• DEBRA TICE:

    Well, we want all of the information that our government has about our son, we want them to share.

    We don't think anyone should know more about our son than we do. And that's been a point of frustration that's ongoing. You know, I believe in diplomacy. I believe in diplomacy. And, for me, that means talking, and I just — as a mother of seven children, I don't think, when you're angry with someone, the first thing you should do is cut off communication, because then you have cut yourself off from a resolution as well.

  • JUDY WOODRUFF:

    So you want more information from them. You want them to be talking to the Syrians.

  • DEBRA TICE:

    Yes, of course.

  • JUDY WOODRUFF:

    What about — there's obviously been discussion about whether money should change hands, whether whoever's holding Austin should get — be rewarded.

  • DEBRA TICE:

    Well, we haven't had that discussion because it hasn't — we haven't even had the chance to get to that place.

    So there are ways to figure things out, and we think that we should be the best and the brightest at figuring it out, and responding appropriately and getting our people home.

  • JUDY WOODRUFF:

    The other evening at the Newseum, I was there. The assistant secretary of state, Douglas Frantz, was acknowledging the government has made mistakes and saying, we are going to try to make this better. We're coming up with a new policy.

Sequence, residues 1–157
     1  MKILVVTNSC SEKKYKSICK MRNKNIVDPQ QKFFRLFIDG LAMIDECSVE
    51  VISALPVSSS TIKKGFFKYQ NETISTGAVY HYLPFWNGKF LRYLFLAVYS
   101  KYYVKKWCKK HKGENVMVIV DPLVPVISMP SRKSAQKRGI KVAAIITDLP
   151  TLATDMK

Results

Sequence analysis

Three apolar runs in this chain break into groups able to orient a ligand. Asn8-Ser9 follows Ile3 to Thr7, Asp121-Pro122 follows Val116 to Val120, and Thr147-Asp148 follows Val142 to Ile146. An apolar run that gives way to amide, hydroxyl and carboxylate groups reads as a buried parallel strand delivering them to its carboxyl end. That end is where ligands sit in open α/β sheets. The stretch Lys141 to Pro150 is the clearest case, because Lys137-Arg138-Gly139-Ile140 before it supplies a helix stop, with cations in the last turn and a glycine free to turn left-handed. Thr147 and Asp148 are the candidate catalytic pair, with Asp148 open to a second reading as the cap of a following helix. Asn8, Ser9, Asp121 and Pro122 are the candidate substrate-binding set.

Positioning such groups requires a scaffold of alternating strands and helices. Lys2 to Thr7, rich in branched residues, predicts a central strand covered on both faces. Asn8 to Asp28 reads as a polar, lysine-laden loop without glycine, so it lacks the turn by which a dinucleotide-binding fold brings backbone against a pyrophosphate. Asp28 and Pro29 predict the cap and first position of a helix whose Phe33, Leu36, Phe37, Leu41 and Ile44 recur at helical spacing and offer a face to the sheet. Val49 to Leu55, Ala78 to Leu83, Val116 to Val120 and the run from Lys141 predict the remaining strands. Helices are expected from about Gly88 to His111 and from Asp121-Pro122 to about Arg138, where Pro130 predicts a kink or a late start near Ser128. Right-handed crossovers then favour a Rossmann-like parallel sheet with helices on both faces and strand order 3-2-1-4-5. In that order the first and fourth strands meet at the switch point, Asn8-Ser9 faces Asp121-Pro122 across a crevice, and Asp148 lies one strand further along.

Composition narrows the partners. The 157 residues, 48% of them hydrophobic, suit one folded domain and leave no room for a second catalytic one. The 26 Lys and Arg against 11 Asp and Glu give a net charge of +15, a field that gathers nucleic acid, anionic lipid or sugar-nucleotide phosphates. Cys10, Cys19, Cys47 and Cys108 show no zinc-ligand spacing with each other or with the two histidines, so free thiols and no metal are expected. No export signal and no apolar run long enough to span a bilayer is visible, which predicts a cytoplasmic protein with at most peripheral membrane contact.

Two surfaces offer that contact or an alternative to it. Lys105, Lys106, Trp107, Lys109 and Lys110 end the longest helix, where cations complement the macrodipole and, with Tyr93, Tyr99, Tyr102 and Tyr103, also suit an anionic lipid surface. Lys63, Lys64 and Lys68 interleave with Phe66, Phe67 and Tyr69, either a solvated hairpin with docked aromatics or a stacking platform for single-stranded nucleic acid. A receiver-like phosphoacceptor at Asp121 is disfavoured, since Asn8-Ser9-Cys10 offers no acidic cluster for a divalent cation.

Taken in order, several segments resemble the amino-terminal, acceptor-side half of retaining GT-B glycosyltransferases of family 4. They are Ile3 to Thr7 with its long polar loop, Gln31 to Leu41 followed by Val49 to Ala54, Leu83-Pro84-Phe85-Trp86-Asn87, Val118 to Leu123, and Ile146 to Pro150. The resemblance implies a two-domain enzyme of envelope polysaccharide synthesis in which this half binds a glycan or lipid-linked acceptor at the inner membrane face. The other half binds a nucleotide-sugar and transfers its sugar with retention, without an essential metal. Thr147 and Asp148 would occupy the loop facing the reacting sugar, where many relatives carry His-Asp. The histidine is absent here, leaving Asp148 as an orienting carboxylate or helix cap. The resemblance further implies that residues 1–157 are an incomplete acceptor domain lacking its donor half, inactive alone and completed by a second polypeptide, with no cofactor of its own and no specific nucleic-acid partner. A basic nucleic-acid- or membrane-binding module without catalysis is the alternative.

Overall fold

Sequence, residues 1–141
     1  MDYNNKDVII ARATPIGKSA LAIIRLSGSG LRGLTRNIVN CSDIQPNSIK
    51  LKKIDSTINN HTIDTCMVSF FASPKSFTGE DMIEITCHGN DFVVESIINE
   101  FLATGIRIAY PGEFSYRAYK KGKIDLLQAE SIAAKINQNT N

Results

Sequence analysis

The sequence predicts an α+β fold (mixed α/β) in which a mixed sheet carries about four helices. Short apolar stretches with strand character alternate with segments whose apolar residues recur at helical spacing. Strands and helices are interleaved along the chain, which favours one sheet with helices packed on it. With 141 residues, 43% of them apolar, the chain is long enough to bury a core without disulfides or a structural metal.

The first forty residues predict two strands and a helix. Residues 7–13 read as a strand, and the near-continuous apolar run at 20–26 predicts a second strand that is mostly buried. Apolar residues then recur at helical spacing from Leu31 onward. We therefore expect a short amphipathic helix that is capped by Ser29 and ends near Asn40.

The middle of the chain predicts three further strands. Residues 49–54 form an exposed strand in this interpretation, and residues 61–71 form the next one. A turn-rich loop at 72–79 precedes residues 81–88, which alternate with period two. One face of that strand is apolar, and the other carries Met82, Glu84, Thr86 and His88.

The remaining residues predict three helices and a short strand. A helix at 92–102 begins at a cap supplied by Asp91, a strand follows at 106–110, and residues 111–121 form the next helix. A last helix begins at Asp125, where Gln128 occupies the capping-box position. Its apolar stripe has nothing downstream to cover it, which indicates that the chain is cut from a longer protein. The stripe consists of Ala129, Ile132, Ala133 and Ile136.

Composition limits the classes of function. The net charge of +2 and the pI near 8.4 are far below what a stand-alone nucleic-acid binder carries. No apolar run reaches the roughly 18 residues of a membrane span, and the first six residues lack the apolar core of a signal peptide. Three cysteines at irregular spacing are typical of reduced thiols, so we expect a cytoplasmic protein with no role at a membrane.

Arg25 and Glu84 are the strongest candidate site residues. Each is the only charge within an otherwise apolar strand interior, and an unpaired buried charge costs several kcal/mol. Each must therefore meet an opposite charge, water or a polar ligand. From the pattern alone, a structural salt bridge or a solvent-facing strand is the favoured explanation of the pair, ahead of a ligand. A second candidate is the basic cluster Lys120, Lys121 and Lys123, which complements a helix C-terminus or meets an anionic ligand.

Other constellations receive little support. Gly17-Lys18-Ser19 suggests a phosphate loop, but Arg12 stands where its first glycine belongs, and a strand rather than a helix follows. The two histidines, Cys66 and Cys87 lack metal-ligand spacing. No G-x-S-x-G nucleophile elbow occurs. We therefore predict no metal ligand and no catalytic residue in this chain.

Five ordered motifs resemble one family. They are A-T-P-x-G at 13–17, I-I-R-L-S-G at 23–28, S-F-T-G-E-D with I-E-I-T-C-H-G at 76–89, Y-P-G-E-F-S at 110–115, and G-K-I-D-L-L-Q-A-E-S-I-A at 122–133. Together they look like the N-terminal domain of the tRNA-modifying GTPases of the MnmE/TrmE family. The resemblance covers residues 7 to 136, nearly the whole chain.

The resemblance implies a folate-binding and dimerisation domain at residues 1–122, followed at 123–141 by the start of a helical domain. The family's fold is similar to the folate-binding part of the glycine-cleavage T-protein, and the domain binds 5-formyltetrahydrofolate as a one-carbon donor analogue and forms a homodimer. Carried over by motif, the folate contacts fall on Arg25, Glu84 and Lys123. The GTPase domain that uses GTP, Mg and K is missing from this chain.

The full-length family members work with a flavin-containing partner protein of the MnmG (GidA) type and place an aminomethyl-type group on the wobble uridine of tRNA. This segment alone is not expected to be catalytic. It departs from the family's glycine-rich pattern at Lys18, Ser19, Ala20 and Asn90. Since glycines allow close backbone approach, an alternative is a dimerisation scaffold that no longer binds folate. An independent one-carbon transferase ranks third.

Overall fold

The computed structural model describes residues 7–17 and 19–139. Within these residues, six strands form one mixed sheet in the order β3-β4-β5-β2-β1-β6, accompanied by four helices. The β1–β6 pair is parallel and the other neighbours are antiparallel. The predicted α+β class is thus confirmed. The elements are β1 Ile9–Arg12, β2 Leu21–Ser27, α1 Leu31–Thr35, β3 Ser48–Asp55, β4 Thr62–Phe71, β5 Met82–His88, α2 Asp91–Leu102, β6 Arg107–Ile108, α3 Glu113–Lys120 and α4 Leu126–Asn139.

How confident are you that the new policy will be better?

  • DEBRA TICE:

    I expect it to be better. I expect that we will be able to hold them accountable.

    I think that the American people should be interested in holding them accountable and that we can come up with something better. It won't be perfect, but it will be the beginning of something much better. I'm confident in that.

  • JUDY WOODRUFF:

    Is there one part or one piece of that new policy, new strategy that you think would make a big difference?

  • DEBRA TICE:

    Yes.

    They're talking about having a single point person who is a — is focused entirely on the hostage and that unique situation, and that that person will look at American resources and assign them appropriately for the benefit of the hostage. And I think that will be a fundamentally great improvement.

  • JUDY WOODRUFF:

    And — but that's not being done now?

  • DEBRA TICE:

    Oh, nothing like that is being done now, not at all.

    There is — you have 17 different government agencies. None of them have a defined position. There's all kinds of jockeying for ascendancy and a lack of communication. It's just chaos in a can.

  • JUDY WOODRUFF:

    But you see improvement maybe coming?

  • DEBRA TICE:

    Yes. There is a truly dedicated effort to getting this policy right.

  • JUDY WOODRUFF:

    Do you believe Austin will come home?

  • DEBRA TICE:

    Absolutely. I think we're just waiting. We're doing all that we can to make that moment our very next moment, but I have no doubt that he will be home.

  • JUDY WOODRUFF:

    Well, Debra Tice, I know that everyone who's listening absolutely is with you on that.

  • DEBRA TICE:

    Thank you. Thank you, Judy.

  • JUDY WOODRUFF:

    Thank you very much.

  • DEBRA TICE:

    I really appreciate you having me. Thank you.

  • JUDY WOODRUFF:

    Thank you.

    The campaign Debra Tice just mentioned is to raise awareness about her son and the threat to free journalism. You can visit the Web site at FreeAustinTice.rsf.org.